Summary: Phragmites australis can uptake and phytodegrade Ibuprofen in the water.
The article is a summary / introduction of the paper written by the authors listed below, the original link of this paper has been attached in the end of this article.
Copyright© 2017 American Chemical Society
Phragmites australis or common reed is a common seen species in water bodies. As a main wetland species, it's broadly used for phytoremediation. The feature of common reed includes, efficiently adsorb nutrients in the water, its complex and robust root system provides a lot of microbial activities, strong resistance to the environment (climate and alkalinity).
Recently, researchers in Wageningen University found out that P. australis also performs to remove ibuprofen (IBP) as pharmaceuticals in the water.
People are paying more and more attention to the pharmaceuticals residues in the water. "In recent years, pharmaceuticals have provoked increasing concern due to their potential risks to the environment. These ubiquitous, persistent and biologically active compounds can disturb both mammalian and non-mammalian organisms.Ibuprofen (IBP) is one of the most commonly used non-steroidal anti-inflammatory pharmaceuticals with high consumption rates, for example, 4.7 mg/inhabitant/day in China."
In the experiments conducted by Wageningen University, they pre-cultivated P. australis, and made them into three groups, treated plants with 60 μg/L of IBP injection into the medium (treated groups), parallel untreated plants (untreated groups) and blank control pots without plants (blank groups).Tissue samples were collected from both the treated and untreated groups on day 0, 3, 7, 14, and 21 after IBP exposure. At each sampling time point, triplicates of treated and untreated plants were sacrificed to harvest plant tissues. Harvested tissues were divided into two sections: roots and rhizomes (RR tissue), and stems and leaves (SL tissue), prior to being frozen in liquid nitrogen and stored at −80 °C until sample processing. At the same time points, liquid samples were collected from pots of both treated and blank groups, and were filtered through 0.45 μm pore size PVDF syringe filters (Carl Roth, Germany) then stored at −20 °C until analysis. Weight of plants and water loss in pots were measured prior to sampling.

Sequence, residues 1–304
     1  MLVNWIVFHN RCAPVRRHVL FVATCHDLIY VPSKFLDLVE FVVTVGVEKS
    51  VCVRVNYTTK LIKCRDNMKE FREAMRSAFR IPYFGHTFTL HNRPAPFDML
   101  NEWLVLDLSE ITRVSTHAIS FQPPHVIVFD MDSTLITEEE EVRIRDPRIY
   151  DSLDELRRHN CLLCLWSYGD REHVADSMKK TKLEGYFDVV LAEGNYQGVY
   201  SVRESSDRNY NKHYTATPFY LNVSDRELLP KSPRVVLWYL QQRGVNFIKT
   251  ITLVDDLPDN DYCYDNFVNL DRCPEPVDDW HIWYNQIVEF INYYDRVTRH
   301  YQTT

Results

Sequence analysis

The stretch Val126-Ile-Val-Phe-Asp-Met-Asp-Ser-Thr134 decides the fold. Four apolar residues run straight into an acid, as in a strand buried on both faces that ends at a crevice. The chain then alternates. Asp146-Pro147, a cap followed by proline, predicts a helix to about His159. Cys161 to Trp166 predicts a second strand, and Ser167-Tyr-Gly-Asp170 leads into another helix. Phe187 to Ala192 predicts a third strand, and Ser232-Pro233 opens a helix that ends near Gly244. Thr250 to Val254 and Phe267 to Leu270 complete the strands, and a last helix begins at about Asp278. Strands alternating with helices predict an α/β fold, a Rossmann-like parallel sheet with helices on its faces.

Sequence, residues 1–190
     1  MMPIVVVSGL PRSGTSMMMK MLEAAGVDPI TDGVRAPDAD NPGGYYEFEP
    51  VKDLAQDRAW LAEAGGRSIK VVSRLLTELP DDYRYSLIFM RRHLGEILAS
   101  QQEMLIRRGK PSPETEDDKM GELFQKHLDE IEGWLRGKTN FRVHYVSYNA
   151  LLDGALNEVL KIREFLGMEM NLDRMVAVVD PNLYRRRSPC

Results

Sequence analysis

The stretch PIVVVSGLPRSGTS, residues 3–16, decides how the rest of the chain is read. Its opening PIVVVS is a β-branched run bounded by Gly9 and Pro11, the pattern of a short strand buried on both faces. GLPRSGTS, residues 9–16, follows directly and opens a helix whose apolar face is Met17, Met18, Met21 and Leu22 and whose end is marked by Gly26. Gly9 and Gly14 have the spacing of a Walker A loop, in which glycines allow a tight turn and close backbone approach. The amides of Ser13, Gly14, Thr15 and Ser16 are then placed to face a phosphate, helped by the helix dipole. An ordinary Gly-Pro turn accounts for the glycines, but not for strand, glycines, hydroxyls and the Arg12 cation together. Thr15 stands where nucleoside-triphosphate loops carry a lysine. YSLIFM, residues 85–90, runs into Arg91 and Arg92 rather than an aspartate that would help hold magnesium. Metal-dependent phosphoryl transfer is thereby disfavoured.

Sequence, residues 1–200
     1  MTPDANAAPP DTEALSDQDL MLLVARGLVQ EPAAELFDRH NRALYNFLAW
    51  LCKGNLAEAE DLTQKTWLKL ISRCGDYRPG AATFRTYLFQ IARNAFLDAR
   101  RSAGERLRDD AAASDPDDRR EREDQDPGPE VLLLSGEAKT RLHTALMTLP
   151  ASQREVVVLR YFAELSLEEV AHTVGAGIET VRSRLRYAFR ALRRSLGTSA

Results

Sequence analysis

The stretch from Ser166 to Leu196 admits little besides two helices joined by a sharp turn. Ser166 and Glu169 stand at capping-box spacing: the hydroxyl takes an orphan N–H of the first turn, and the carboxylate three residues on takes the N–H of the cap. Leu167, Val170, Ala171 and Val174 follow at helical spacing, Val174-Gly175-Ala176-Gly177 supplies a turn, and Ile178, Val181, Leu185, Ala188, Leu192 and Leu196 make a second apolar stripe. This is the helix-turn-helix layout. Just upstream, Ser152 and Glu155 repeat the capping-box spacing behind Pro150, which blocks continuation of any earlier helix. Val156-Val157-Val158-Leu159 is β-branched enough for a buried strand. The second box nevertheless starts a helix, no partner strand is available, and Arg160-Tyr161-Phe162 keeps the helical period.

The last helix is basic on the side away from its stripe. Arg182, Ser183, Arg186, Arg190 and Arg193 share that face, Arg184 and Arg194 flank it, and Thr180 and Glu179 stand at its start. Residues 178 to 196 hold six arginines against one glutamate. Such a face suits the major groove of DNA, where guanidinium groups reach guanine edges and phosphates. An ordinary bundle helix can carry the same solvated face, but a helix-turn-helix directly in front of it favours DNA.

Then in order to track the degradation status of IBP, Mass Spectrometry was applied to tentatively identified the metabolites of IBP in P. australis. Follow by that, was chemical extraction of RR and SL tissues with LC-HRMS(high resolution accurate mass spectrometric) analysis to determine IBP and potential intermediates. Other than that, enzyme activities was also tested.
The result of this study shows that P. australisis able to take up, accumulate, and metabolize IBP, in both RR and SL tissue without significant phytotoxicity.
"Implication for Practice
Metabolism and detoxification of IBP in mammals are known processes and have been well described. The fate and transformation of IBP in aquatic macrophytes has not been investigated so far. However, aquatic macrophytes are increasingly exposed to residual pharmaceuticals in water bodies, especially when those plants are applied in phytoremediation. Therefore, it is necessary to study the fate of pharmaceuticals in macrophytes and the underlying phytoremediation mechanism. In summary, this study gives insight on the fate and transformation of IBP in P. australis, which can be applied for investigating other pharmaceuticals and forecasting their fate in other types of macrophytes. Reflecting on practice, this study proves that macrophytes have the potential to take up and degrade pharmaceuticals. The knowledge contributes to understanding and implementing phytoremediation in constructed wetlands as an effective treatment method for removing pharmaceuticals from water."